Currency Wars - Europe Seeks Alternative To 'Dollar Imperialism'

Currency Wars - Europe Seeks Alternative To 'Dollar Imperialism'

It was a gamble and it may have just backfired. When U.S. regulators last week sought to limit Banque Nationale de Paris’s ability to clear dollars they opened a pandora's box of uncertainty. Countries globally depend on the dollar for international payments. Many will have taken note and some will be alarmed by the move and will now naturally mull over alternatives.  


Reserve Currencies In History - Dollar's Demise Cometh

Today in Brussels the French Finance Minister, Michel Sapin, will start a debate with his EU counterparts on how the European Union can reduce its dependency on the U.S. dollar. Should the discussion find traction it may contribute to the ongoing monumental shift in global monetary economics with the gradual decline of the dollar as the global reserve currency.

Mr Sapin said in an interview with The Financial Times, “We [Europeans] are selling to ourselves in dollars, for instance when we sell planes. Is that necessary? I don’t think so. I think a rebalancing is possible and necessary, not just regarding the euro but also for the big currencies of the emerging countries, which account for more and more of global trade.”

The U.S. dollar has enjoyed reserve currency status for most of the past 70 years. This status confers enormous power to the dollar and allows the U.S. government to fund its trade deficits at very low cost.

Essentially reserve currency status means that most countries around the world and their respective banks will hold dollars (and dollar proxies such as U.S. treasury bonds) as part of their trade requirements.

Globally a massive 87% of all currency transactions have the U.S. dollar on one side, that is to say that most international trading involves buy and selling goods and services through U.S. dollars. Most central banks believe that the U.S. dollar is the only realistic alternative for such trade as the market is very liquid and has always been considered very safe.

Never before, to our knowledge, has the U.S. sought to limit, via limitations on access to the USD clearing systems, a key global institution (BNP) and a national champion of an important strategic ally (France), the right to trade internationally.

This policy shift represents an enormous risk for the U.S. and its trading partners and undermines what has always been implied that; that by clearing through the U.S. dollar a country can access, safely, the world capital markets while remaining sovereign.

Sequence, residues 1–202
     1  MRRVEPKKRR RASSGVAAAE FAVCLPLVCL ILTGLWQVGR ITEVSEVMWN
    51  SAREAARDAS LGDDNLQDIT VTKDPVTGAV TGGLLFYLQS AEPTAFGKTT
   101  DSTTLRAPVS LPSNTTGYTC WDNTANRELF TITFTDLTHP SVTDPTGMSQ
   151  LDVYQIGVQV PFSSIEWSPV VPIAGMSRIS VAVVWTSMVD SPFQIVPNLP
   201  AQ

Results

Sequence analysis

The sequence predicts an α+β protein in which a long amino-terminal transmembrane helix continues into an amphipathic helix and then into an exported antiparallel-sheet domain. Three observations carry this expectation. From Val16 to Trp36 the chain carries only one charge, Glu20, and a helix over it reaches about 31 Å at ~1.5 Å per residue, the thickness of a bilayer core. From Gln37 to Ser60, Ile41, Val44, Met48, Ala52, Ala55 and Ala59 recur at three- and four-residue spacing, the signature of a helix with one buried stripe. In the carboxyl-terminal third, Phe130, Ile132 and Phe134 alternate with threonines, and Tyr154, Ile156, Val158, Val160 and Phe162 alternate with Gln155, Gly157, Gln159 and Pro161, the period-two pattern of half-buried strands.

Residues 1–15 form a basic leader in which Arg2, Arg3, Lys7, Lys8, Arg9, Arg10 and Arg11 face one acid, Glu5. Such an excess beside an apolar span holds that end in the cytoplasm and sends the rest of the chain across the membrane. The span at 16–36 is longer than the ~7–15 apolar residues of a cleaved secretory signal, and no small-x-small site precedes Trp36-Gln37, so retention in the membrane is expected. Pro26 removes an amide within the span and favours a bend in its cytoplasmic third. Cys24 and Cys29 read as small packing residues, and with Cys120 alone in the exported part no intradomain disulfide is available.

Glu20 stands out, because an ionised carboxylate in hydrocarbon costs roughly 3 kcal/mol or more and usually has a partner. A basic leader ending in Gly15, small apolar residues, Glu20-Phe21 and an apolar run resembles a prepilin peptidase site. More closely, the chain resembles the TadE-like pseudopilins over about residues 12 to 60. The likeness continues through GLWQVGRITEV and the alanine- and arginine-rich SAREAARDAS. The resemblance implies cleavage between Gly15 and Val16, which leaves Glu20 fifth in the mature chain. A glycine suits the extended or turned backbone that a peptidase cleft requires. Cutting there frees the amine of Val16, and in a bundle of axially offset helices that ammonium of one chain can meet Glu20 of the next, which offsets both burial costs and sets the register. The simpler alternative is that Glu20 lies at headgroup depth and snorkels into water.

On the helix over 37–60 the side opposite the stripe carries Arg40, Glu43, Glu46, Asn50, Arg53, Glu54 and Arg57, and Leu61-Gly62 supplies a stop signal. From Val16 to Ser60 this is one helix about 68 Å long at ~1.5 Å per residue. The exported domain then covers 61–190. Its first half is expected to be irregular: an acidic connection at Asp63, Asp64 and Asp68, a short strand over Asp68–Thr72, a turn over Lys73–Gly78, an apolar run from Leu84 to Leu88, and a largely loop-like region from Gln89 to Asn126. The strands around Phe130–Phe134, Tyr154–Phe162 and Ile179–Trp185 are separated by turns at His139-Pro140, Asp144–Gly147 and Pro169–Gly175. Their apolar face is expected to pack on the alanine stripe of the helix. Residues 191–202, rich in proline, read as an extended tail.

It is important to note that that U.S. dollar supremacy began with the Bretton Woods agreement some 70 years ago.

In the aftermath of two devastating World Wars global leaders convened a conference that would set the economic rules for global economic activity. The delegates diagnosed that the causes for both World Wars lay in economic mismanagement by national governments and that a degree of global oversight and the application of a rules based approach was needed. The agreement led to the creation of the IMF and the World Bank with a mandate to intervene, alleviate and where possible prevent economic crises.

Recent unorthodox monetary policies, the issuance of money in the form of quantitative easing has left countries, primarily those in the EU, who have not pursued such measures at a serious disadvantage. As essentially, QE policy countries have effectively devalued their currencies relative to countries who did not participate.

Such poor coordination is in contravention with the principles of Bretton Woods and is keeping with unilateral type policies which preceded the outbreaks of both World Wars.

A key element of the agreement was the stability conferred upon the dollar by virtue of its peg to gold and global currencies peg to the dollar. The U.S. broke the dollar link to gold in 1971 and the USD became a fiat currency, backed only by “trust” in the U.S. government.

 

Today’s meeting speaks to the serious misgivings of parties and a breakdown in trust. There is a legitimate concern that this trust is now being abused for political purposes. This is misguided and not in the U.S. national interest and could backfire spectacularly.

After a period of relative calm, currency wars look set to escalate and will make owning gold important again in the coming months.

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